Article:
The Pythagoras monument is located in the residential centre of Metaponto, in Piazza Giovanni XXIII. It is the first statue in the world in classical style, in a man-size placed in a shrine,
depicting the most real features of the Master Pythagoras, who died in Metaponto, after teaching there in the last phase of his life for about twenty years. The monument was inaugurated on 17 May 2019, as part of the Matera 2019 European Capital of Culture program and, specifically, the 'Capital for a Day' project.
The creation of this work was intended to fill an inexplicable centuries-old gap, since Pythagoras, unlike other great philosophers represented by beautiful statues in various parts of the world, lacked a monument in his honour, apart from the modern-style one on his native island of Samos in Greece, which depicts him in his youth.
The statue is an extension of the herm in the Capitoline Museums in Rome which, as can be seen from the historiographical notes, is taken from a Greek original from the mid-fifth century BC, and is therefore highly reliable. Pythagoras is depicted, in human form and in his most probable features, wearing a headdress consisting of a band of woven fabric above a cap, probably made of leather, based on the testimony of Claudio Eliano, a Roman writer who, in his work Varia Historia (XII, 32), reports that the philosopher used to dress in oriental fashion and wear a bandage (tenia or fascia) knotted around his head, similar to the headdress worn today in North Africa and the Near and Middle East. This kind of turban establishes a link with the tradition developed from the Hellenistic period onwards, according to which Pythagoras was a cultural mediator between West and East.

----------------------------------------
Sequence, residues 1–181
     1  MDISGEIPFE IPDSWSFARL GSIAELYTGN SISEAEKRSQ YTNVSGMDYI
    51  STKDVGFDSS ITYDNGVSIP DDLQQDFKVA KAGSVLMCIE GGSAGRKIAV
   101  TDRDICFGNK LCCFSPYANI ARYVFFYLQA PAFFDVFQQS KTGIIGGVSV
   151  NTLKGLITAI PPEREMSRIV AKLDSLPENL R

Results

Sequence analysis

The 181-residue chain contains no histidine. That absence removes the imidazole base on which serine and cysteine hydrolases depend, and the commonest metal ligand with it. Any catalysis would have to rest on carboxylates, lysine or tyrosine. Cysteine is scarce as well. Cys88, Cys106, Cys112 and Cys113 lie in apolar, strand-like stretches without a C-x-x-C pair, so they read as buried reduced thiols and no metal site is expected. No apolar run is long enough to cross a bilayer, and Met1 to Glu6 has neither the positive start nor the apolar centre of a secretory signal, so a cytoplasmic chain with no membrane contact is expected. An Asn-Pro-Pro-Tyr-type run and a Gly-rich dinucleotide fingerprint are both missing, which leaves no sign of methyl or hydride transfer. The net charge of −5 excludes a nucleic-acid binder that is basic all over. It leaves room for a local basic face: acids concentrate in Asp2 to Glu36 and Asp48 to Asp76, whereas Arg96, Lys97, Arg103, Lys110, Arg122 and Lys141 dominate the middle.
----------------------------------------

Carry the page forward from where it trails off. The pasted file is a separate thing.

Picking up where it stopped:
Three spheres are positioned at the base of the tetrahedron, representing the astronomical intuition of Pythagoras, the first to introduce the concept of 'harmony of the spheres' according to the conception of the universe as a system of numerical proportions.
The inscription at the foot of the monument is impressive: "To Him who taught, lived and died here in harmony with the kosmos".
The monument appears to be the natural conclusion of the life cycle of an extraordinary man who in Samos turned his finger towards the heavens, evidently to draw divine inspiration, and in Metaponto with a knowing gaze and a steady hand indicated with his finger the summa of his wisdom: the tetrad, the tetrahedron, the perfect solid composed of triangles in which is expressed the sacred Tetraktys, the symbol of the Pythagorean school, reproduced in luminescence also at the base of the monument.
One cannot choose where to be born, only where to die, and Pythagoras chose Metaponto, in whose Agora, thanks to its position slightly raised from the road surface, his statue will continue the ideal dialogue with those who still today find in his "Golden Verses" the wisdom and farsightedness universally recognised.